We continue to follow the cause of our Roman Achilles–more formally known as Lucius Siccius Dentatus–in 455 BCE. Dentatus is truly the star of the this period of history from the perspective of Dionysius of Halicarnassus and Dr G has a lot to say about that!
Episode 106 – Spoiler Alert
What can we glean from a history written long after the fact?
Dr Rad takes us through some of the key concerns we face when approaching the written sources for the early republic.
Part of the trouble steams simply from the time of the events when people like Livy and Dionysius of Halicarnassus lived centuries later. But we also run into the challenge of stock figures, whose names and existence are open to question. Such figures serve an important role in bringing a historical narrative to life.
The complications of public discourse
The traditionalist streak runs deeply through the patricians. This comes as no surprise as they are the beneficiaries of the structures already in place in Rome, but it does lead to some questionable behaviour.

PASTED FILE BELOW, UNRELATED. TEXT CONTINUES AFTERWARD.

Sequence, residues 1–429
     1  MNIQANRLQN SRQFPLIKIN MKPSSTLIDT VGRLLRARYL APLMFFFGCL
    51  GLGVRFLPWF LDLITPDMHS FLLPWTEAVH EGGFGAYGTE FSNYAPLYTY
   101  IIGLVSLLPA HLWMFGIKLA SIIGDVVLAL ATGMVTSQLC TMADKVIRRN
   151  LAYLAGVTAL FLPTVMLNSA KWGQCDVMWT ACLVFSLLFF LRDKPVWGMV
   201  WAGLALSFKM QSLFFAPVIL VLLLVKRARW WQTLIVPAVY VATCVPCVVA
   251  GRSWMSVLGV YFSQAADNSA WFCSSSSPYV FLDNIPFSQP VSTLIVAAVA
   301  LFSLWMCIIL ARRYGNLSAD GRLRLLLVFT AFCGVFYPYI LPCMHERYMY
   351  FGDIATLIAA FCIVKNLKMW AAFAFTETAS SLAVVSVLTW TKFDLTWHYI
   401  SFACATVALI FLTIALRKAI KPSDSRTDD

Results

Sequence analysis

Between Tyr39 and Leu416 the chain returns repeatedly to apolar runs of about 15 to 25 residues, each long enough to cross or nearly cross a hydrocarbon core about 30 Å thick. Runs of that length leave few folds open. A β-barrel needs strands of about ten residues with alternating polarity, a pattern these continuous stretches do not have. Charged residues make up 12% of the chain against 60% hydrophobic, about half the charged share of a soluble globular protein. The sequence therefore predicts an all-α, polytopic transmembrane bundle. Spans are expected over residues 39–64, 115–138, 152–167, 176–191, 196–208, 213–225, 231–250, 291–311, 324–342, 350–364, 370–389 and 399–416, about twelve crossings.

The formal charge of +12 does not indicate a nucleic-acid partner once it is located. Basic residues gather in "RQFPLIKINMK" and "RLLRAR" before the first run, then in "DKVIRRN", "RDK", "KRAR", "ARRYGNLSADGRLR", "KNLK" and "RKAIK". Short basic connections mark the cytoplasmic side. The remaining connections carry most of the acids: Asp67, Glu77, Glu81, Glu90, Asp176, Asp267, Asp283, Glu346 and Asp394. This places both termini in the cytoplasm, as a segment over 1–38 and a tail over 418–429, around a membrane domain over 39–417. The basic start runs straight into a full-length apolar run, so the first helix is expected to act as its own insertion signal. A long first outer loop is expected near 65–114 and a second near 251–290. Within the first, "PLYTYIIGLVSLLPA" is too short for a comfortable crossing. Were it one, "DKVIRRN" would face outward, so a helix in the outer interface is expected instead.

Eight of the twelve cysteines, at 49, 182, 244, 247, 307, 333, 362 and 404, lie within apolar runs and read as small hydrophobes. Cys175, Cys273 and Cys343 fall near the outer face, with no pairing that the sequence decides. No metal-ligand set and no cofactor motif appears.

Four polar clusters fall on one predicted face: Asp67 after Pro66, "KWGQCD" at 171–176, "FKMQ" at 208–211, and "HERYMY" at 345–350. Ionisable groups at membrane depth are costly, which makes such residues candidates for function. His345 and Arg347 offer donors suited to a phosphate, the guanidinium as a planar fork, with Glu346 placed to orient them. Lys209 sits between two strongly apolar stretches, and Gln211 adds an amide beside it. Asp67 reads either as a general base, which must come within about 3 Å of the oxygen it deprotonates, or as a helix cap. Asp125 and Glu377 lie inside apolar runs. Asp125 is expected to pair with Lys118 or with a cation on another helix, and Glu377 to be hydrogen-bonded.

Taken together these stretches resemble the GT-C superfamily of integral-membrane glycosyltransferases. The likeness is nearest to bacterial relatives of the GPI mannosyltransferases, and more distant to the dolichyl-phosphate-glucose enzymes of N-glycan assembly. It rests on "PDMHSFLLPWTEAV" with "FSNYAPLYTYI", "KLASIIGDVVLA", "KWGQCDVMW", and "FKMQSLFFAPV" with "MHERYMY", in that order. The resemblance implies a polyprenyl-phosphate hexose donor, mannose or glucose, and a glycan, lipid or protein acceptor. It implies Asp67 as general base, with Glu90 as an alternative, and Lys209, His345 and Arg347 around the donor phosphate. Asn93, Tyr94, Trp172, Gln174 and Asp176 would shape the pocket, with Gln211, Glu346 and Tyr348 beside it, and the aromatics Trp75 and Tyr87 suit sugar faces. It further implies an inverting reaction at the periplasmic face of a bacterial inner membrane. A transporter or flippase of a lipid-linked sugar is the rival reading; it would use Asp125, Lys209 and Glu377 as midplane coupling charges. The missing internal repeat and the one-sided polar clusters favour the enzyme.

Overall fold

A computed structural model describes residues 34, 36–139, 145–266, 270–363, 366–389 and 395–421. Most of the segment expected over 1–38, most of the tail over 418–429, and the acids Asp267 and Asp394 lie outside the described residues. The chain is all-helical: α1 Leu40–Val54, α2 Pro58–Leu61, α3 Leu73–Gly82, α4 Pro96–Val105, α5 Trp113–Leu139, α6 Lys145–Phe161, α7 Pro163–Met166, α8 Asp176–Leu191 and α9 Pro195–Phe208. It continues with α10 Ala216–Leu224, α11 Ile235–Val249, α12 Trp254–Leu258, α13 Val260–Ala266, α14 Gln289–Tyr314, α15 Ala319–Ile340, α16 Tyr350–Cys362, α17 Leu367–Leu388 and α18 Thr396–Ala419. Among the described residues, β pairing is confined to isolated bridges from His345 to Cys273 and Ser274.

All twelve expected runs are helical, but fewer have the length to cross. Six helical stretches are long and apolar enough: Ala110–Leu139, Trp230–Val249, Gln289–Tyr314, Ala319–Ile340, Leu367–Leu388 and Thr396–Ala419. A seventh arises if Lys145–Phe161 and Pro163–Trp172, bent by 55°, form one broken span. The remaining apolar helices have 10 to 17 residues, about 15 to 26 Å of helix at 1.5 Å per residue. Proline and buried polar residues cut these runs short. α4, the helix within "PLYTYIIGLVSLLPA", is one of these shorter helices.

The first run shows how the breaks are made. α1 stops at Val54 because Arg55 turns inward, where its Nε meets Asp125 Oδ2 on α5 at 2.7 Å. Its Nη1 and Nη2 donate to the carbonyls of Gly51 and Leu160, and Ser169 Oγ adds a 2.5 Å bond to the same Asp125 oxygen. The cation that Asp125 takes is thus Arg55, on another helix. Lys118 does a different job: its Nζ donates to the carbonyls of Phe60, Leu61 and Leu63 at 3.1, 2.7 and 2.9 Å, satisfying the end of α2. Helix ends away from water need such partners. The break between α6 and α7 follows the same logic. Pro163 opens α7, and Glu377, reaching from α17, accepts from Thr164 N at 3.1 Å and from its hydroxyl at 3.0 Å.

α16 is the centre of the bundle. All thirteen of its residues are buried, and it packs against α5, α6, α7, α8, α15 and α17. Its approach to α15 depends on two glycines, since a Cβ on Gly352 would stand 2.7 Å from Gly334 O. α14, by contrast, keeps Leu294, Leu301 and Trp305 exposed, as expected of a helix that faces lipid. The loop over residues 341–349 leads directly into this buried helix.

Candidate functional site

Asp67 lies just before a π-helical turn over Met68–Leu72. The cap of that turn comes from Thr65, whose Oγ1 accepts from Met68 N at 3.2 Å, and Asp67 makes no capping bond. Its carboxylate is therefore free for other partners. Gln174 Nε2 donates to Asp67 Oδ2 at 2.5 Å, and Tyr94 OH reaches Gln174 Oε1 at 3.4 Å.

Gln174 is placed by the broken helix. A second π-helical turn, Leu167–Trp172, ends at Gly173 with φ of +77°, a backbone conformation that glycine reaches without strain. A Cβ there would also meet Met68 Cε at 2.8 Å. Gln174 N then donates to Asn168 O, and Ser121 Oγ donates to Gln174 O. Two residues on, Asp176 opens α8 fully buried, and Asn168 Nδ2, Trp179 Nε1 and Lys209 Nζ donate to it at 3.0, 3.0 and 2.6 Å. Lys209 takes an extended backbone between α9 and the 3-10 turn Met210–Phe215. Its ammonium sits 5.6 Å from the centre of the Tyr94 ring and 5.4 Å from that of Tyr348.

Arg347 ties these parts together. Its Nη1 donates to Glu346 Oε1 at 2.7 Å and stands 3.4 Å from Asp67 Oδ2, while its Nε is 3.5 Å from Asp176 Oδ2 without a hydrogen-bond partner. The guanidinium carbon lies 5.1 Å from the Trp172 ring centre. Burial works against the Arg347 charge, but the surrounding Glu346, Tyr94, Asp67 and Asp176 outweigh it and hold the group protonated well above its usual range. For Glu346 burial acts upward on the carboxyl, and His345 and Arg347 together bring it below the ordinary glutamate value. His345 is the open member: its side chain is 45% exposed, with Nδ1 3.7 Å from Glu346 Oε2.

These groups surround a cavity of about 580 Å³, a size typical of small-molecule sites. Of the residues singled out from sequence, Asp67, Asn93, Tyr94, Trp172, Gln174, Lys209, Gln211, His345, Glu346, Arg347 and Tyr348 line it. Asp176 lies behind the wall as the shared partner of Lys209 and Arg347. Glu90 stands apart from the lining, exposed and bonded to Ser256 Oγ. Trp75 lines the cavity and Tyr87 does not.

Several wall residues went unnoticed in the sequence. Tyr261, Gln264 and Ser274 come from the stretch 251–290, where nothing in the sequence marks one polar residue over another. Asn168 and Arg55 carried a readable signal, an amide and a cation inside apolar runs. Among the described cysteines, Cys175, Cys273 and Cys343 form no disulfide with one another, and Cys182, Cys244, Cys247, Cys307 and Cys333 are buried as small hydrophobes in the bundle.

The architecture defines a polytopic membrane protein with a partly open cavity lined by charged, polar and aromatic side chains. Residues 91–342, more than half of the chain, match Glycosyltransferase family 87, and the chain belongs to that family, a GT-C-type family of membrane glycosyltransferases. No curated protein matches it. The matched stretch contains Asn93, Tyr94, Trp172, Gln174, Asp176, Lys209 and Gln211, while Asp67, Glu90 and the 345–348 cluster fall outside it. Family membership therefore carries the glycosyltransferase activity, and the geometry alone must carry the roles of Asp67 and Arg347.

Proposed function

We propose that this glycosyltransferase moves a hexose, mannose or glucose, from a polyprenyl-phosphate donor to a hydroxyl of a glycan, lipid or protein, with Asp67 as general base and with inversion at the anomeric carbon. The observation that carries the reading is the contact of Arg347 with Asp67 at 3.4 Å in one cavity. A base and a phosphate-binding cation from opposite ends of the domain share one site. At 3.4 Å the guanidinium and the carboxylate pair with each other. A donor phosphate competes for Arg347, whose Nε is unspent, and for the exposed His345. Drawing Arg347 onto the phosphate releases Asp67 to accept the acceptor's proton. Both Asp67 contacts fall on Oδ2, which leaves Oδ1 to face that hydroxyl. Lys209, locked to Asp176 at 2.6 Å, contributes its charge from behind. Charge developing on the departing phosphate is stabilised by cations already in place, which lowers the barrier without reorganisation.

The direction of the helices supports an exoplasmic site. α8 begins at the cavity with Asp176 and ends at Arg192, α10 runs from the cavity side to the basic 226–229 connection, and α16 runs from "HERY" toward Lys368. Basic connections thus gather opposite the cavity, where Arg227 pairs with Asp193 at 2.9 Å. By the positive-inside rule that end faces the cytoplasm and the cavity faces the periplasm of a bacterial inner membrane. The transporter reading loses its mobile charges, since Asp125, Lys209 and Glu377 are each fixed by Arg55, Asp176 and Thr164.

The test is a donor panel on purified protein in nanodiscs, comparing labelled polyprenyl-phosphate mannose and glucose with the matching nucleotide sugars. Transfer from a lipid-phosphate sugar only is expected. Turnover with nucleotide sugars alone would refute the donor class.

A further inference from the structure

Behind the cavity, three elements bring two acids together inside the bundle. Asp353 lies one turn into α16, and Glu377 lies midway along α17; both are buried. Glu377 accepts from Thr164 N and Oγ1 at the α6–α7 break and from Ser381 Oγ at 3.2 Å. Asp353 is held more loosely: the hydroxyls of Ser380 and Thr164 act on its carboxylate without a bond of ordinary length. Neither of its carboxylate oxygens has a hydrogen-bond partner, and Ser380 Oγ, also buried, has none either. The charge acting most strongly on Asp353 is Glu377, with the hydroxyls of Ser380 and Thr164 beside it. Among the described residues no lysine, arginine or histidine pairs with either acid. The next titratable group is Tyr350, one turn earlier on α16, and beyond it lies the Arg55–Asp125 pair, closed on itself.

Things to listen out for:
- The patricians position in the forum
- The challenges raised by the pons or ‘voting bridge’
- Patrician power called into question through trials
- Some intriguing exchanges through the goddess Ceres…
- Trouble in Tusculum!
- A real set to between Romilius and Siccius
- The discrepancy between Livy and Dionysius of Halicarnassus about the treasury
- Titus Romilius T. f. T. n. Rocus Vaticanus (Pat)
- Gaius Veturius P. f. – n. Cicurinus (Pat)
Tribunes of the Plebs
- L. Icilius
- L. Alienus
- + 8 others!
- Lucius Siccius Dentatus
Some Family Appearances
- the Postumii
- the Sempronii
- the Cloelii
- Dr G reads Dionysius of Halicarnassus Roman Antiquities 10.40-47
- Dr Rad reads Livy ab urbe condita 3.31
Interested in knowing more about this period in Rome’s history. Take a leaf from Dr Rad and jump into some scholarly reading:
- Cornell, T. J. 1995. The Beginnings of Rome
- Forsythe, G. 2005. A Critical History of Early Rome
- Momigliano, A. 2005. ‘The Rise of the Plebs in the Archaic Age of Rome’ in Rafflaub, K. (ed) Social Struggles in Archaic Rome: New Perspectives on the Conflict of the Orders
- Rafflaub, K. 2005. ‘From Protection and Defense to Offense and Participation: Stages in the Conflict of the Orders’ in Rafflaub, K. (ed) Social Struggles in Archaic Rome: New Perspectives on the Conflict of the Orders
Roman warrior charging – Alex Broeckel. Source: Pinterest.
Sound Effects courtesy of BBC Sound Effects (Beta)
Final credits: Excerpt from ‘Ancient Arcadian Harp’ by Cormi
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